“After six months it is clear more is needed than confronting attacks. The roots of the problem need to be addressed… there needs to be a way out for members of the Islamist current who oppose violence, and assurances of the possibility of their political participation.”

Many political forces have joined with the interim authorities and blame the Muslim Brotherhood for the terrorist attacks. Tharwat Al-Kherbawi, a former leader of the Muslim Brotherhood, claims Ansar Beit Al-Maqdis was founded by Hamas which was originally an offshoot of the Muslim Brotherhood.

The Freedom Party’s statement advised “members of the Muslim Brotherhood who wish to take part in the political process to categorically and permanently denounce violence and distance themselves from involvement in any new criminal acts carried out by their allies”.

In a joint statement released on Saturday 13 civil society organisations condemned the terrorist attacks while also criticising the authorities’ inability to move their anti-terrorism strategy beyond media statements. Among the 13 organisations which signed the statement are the Egyptian Initiative for Personal Rights, the Hisham Mubarak Law Centre, the Association for Freedom of Thought and Expression and the Egyptian Centre for Economic and Social Rights.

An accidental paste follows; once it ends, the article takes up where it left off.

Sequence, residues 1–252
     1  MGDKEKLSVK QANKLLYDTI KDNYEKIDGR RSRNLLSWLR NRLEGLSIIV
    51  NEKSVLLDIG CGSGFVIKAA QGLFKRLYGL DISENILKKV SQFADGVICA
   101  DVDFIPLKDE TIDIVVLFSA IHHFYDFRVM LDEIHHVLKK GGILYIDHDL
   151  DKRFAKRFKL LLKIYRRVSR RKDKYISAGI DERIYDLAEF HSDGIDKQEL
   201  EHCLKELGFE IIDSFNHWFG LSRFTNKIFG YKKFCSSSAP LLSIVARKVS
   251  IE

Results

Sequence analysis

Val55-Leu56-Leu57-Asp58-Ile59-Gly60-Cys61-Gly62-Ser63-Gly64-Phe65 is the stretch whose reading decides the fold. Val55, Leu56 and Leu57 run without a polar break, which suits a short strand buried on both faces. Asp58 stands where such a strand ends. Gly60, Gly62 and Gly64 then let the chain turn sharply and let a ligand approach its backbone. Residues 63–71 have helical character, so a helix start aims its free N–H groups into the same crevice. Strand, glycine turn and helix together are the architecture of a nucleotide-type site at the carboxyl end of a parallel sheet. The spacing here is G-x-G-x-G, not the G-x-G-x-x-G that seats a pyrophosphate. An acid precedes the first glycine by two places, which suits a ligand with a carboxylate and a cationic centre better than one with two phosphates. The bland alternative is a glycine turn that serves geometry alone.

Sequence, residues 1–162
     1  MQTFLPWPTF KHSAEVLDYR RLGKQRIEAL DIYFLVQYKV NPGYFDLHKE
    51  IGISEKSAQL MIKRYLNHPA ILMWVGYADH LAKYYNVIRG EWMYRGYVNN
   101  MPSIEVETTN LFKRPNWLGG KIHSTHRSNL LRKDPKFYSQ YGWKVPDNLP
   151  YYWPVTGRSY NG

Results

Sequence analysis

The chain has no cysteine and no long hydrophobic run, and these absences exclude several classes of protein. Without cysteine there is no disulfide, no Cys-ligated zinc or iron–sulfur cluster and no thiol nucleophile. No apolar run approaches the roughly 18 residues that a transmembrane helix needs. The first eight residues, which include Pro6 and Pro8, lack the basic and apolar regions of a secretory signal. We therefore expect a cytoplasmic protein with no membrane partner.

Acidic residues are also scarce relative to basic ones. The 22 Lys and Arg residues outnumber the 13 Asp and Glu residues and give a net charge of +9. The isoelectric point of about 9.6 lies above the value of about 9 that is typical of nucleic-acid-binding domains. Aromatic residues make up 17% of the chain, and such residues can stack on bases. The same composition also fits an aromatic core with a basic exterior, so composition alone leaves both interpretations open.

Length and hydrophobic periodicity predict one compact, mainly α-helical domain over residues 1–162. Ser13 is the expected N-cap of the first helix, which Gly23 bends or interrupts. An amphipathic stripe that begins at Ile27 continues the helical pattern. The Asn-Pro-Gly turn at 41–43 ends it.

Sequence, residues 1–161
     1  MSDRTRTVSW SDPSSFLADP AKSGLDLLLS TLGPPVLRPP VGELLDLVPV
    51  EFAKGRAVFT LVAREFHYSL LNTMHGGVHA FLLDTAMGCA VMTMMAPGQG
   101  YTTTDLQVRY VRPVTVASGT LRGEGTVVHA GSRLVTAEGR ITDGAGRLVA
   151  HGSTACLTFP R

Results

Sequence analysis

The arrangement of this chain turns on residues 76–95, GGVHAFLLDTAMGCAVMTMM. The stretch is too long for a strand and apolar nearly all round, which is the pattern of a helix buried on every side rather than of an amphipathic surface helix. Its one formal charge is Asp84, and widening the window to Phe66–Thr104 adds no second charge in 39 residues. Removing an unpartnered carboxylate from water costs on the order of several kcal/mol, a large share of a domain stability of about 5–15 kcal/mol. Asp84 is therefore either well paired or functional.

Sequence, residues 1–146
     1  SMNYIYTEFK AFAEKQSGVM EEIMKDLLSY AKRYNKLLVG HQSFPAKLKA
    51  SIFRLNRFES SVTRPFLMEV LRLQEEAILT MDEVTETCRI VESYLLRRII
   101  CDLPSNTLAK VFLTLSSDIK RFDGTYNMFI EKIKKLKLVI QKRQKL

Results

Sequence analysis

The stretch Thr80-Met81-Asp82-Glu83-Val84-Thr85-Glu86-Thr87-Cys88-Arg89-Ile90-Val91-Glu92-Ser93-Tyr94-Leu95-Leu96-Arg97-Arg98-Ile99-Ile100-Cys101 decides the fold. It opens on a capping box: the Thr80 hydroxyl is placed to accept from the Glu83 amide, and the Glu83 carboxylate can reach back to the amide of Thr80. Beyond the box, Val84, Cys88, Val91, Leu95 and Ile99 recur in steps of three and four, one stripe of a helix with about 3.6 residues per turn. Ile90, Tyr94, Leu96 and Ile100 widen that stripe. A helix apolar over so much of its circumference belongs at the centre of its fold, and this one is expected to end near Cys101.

“Instead of facing up to the cancerous growth of terrorism the security forces oppress peaceful opposition and youth activists,” the statement read. “The security forces, while failing to protect its own headquarters or the lives of citizens from terrorist attacks continues to use the war on terrorism as a pretext for random arrests and the restriction of freedoms”.

Al-Gamaa Al-Islamiya, the conservative Islamist group that was a strong supporter of Mohamed Morsi during his one-year rule, released a statement on Sunday insisting Egypt is passing through a political crisis and not a security one.

The statement said the state is offering “false explanations of the current crisis, making it appear like a security crisis although its core is political and requires a political solution… the regime is wrong to think that if it accelerates the presidential elections the conflict will be resolved and stability will be achieved… it will only escalate the conflict and deepen polarisation.”